2 Matching Annotations
  1. Apr 2022
    1. James Boswell (1740–95) defended the state of learning in his day: “It has been maintained that this superfoetation, this teeming of the press in modern times, is prejudicial to good literature, because it obliges us to read so much of what is of inferiour value, in order to be in the fashion; so that better works are neglected for want of time, because a man will have more gratification of his vanity in conversation, from having read modern books, than from having read the best works of antiquity. But it must be con-sidered that we now have more knowledge generally diffuse; all our ladies read now, which is a great extension.”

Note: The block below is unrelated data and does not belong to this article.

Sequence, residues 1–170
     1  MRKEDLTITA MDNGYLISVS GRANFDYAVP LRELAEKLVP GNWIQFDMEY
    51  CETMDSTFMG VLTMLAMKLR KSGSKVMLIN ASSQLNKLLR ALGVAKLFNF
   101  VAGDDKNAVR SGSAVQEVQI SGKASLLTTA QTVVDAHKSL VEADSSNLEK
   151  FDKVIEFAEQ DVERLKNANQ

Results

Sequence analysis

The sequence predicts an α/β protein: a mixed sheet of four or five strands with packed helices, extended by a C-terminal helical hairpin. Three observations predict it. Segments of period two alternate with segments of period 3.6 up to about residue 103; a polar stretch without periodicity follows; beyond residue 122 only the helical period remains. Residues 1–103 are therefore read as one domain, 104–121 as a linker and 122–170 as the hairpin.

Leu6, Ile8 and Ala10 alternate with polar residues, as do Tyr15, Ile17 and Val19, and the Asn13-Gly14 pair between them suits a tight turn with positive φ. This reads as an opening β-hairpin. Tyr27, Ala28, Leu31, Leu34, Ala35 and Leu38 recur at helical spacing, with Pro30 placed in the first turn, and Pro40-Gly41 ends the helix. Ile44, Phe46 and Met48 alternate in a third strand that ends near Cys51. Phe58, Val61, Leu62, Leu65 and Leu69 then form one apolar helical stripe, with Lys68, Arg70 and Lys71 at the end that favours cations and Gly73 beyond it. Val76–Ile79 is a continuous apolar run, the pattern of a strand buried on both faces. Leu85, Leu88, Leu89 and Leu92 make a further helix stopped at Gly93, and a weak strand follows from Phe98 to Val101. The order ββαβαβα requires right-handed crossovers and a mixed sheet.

Link to earlier note about Caleb Deschanel

    2. Citing Pliny’s “no book so bad,” Gesner made a point of accumulating information about all the texts he could learn about, barbarian and Christian, in manuscript and in print, extant and not, without separating the good from the bad: “We only wanted to list them, and we have left to others free selection and judgment.”202